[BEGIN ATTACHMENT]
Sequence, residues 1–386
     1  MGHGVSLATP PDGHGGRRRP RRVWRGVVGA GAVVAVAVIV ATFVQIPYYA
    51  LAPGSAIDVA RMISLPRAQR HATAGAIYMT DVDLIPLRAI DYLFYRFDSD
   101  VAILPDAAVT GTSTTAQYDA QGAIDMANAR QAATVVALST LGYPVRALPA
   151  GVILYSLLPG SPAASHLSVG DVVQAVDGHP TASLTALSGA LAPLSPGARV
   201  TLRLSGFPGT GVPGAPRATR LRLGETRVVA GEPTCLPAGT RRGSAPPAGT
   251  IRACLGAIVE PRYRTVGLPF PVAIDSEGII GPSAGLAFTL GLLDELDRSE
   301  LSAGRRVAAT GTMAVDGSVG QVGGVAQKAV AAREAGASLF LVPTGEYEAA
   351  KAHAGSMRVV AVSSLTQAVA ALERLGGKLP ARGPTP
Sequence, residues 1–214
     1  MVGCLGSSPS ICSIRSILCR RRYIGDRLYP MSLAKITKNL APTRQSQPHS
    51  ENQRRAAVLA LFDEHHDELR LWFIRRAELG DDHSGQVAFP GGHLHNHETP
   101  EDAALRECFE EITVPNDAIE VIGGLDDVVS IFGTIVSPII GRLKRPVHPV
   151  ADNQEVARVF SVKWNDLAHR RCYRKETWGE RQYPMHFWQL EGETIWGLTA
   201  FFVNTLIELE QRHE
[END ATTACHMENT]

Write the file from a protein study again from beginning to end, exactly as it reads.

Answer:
Sequence, residues 1–386
     1  MGHGVSLATP PDGHGGRRRP RRVWRGVVGA GAVVAVAVIV ATFVQIPYYA
    51  LAPGSAIDVA RMISLPRAQR HATAGAIYMT DVDLIPLRAI DYLFYRFDSD
   101  VAILPDAAVT GTSTTAQYDA QGAIDMANAR QAATVVALST LGYPVRALPA
   151  GVILYSLLPG SPAASHLSVG DVVQAVDGHP TASLTALSGA LAPLSPGARV
   201  TLRLSGFPGT GVPGAPRATR LRLGETRVVA GEPTCLPAGT RRGSAPPAGT
   251  IRACLGAIVE PRYRTVGLPF PVAIDSEGII GPSAGLAFTL GLLDELDRSE
   301  LSAGRRVAAT GTMAVDGSVG QVGGVAQKAV AAREAGASLF LVPTGEYEAA
   351  KAHAGSMRVV AVSSLTQAVA ALERLGGKLP ARGPTP
Sequence, residues 1–214
     1  MVGCLGSSPS ICSIRSILCR RRYIGDRLYP MSLAKITKNL APTRQSQPHS
    51  ENQRRAAVLA LFDEHHDELR LWFIRRAELG DDHSGQVAFP GGHLHNHETP
   101  EDAALRECFE EITVPNDAIE VIGGLDDVVS IFGTIVSPII GRLKRPVHPV
   151  ADNQEVARVF SVKWNDLAHR RCYRKETWGE RQYPMHFWQL EGETIWGLTA
   201  FFVNTLIELE QRHE